How Many Store Visitors A Day?
A frequent statistic of performance for retail stores is the number of visitors they host over a period of time—the more the better. At its peak in 1996 the Gateway Computer retail store chain reportedly hosted an average 250 visitors a week. In contrast, during the second fiscal quarter of 2013 the Apple stores hosted an average of of 2,083 visitors each day.
Then in a September 2011, a press account reported that the just-opened Nanjing East (Shanghai) retail store was large enough to host 40,000 visitors a day. That figure sparked some curiosity about the size of stores, their capacity and how many people would fill a store.
To answer those questions, you must really start with an objective standard, in this case the Life Safety Code (LSC), almost universally adopted by cities in the United States, and consequently followed by building architects and designers when creating retail stores. The code specifies exits dimensions and certain other requirements of safety, based on the square-footage of a place of assembly and an assumption on how many people might be in that place. In some cases, like a theater, an exact number of visitors can be determined, but in other places, like a retail store, estimations have to be made.
At the same time, for a theater the number of visitors is constant over a period of time, such as at a play or movie showing. For a retail store, the number could fluctuate depending upon time of the year, day of week and time of day. Likewise, the number of people inside a retail store changes as people randomly arrive and leave.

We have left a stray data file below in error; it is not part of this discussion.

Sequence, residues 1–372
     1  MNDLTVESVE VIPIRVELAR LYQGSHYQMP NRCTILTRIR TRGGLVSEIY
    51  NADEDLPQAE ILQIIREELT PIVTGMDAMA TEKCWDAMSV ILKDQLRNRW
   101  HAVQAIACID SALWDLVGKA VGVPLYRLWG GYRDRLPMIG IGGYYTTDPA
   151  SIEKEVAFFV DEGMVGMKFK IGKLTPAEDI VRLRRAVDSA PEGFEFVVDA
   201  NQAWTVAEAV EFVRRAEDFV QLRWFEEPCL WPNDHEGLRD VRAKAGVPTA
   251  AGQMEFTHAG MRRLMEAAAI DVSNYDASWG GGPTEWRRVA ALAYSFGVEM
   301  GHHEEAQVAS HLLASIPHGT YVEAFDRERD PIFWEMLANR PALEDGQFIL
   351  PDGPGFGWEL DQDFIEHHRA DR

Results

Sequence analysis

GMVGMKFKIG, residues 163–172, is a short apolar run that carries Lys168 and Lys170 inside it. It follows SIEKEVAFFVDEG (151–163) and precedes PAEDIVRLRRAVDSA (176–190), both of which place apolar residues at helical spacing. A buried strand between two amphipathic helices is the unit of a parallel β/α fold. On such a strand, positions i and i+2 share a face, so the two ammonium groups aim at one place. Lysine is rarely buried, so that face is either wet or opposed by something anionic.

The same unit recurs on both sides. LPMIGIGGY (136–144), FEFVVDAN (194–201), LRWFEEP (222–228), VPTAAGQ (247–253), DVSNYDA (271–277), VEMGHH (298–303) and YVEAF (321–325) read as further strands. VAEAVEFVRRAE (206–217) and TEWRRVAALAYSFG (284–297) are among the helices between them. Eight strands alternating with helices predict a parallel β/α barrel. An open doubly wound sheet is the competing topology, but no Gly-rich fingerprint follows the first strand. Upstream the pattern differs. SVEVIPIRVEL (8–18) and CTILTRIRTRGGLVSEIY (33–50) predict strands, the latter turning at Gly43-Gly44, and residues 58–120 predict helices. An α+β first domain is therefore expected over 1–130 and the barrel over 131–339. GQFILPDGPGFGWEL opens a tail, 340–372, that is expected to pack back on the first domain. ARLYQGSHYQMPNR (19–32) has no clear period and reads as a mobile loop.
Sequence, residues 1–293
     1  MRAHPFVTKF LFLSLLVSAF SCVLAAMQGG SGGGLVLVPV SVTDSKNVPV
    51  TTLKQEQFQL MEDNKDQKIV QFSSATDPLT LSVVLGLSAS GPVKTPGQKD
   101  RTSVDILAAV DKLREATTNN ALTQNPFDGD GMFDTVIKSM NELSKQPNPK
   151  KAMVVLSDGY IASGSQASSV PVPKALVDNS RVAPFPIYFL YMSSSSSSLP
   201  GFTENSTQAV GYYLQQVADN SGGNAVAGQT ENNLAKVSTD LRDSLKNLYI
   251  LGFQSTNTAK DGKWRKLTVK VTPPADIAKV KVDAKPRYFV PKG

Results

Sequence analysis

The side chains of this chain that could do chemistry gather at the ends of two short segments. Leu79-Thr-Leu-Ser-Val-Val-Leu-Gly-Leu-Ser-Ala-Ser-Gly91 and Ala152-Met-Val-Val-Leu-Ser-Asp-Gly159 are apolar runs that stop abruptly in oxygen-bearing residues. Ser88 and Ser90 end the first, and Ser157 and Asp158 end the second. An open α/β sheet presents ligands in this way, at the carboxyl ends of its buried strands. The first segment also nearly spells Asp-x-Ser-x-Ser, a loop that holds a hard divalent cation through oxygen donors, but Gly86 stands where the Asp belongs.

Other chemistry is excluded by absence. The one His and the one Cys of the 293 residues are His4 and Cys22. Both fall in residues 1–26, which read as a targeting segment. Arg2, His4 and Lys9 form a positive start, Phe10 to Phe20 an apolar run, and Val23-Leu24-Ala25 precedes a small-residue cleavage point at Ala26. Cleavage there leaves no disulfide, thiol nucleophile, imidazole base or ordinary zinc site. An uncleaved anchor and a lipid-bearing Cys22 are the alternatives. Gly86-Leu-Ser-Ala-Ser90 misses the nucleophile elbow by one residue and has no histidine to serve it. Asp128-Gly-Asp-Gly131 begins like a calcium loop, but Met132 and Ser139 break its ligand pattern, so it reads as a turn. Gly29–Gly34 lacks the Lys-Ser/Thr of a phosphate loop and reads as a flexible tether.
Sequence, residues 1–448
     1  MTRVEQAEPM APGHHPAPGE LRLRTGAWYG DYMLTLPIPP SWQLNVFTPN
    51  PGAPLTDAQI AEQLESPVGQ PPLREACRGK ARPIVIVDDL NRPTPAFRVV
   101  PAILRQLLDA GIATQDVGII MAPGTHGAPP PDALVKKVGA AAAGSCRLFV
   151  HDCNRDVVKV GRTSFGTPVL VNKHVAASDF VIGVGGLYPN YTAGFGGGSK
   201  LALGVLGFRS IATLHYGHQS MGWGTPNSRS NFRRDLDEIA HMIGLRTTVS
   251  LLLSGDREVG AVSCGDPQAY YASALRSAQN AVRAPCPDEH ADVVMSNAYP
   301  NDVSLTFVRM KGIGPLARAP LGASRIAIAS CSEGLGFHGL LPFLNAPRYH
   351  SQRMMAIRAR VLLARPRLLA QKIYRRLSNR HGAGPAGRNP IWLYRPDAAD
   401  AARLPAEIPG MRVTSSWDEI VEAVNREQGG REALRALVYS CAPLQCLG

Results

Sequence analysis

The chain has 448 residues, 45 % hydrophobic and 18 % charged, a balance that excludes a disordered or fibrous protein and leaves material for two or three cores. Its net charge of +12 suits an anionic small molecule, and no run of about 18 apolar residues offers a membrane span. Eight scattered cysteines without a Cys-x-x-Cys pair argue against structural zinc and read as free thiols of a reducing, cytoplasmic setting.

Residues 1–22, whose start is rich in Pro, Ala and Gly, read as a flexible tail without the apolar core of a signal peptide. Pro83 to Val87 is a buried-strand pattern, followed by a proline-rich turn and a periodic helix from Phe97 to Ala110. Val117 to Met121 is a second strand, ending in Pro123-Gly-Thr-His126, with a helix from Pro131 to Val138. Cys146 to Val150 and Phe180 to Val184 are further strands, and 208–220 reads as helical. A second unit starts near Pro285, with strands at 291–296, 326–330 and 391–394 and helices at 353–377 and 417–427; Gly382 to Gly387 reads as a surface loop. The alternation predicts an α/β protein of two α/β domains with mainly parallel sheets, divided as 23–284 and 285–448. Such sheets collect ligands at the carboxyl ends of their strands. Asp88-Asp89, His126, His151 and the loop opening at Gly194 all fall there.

So to answer the Apple store questions, let’s start with the assumption that the average visit time is 15 minutes.
Next, the LSC establishes two calculated occupancy load factors—seven and 15 square-feet per person—and one real-life load factor. That is, how much space does an average person occupy? Retail stores are usually rated at seven square-feet, since shoppers are standing up in a more concentrated use, although architects are free to submit a real-life calculation of that space.
Next, the code is applied only to the usable square-footage, meaning floor space not occupied by tables, columns, stairs and other interior objects. Based on actual Apple store floor plans, about 82 percent of a mall store’s public retail space is considered useable under the LSC.
Now, on with the actual calculations for an Apple retail store. A typical Apple store is open 11 hours a day, and a typical U.S. mall store has 2,700 square-feet of public space. There are about 30 Apple employees on the floor at a typical mall store.
Using all these figures, you would figure an LSC occupant load, which would then be used to establish the amount of exit space (total exit width, really, leading to how many doors) required to safely assemble the rated occupant load. In practice, architects typically increase or decrease the occupant load, and consequently the exit space, to meet their particular design requirements.
However, using just the basic occupant load from the LSC, one can calculate a standard, three-exit maximum number of visitors. So using these calculations, and assuming that the store is instantly full at opening, and continues to stay full all day (an unrealistic situation), a U.S., mall-sited Apple retail store could safely host a maximum of 12,584 visitors a day (see diagram below).
In reality, Apple’s average of 401 stores open during the second fiscal quarter of 2013 hosted just 2,083 visitors a day, less than 17 percent of the theoretical capacity. Naturally, there is a wide variation among the stores, with some stores hosting at least five times that figure.
So, while an Apple store may appear “packed” or “jammed” when you arrive, on average during the entire day, it’s over 80 percent below its absolute capacity.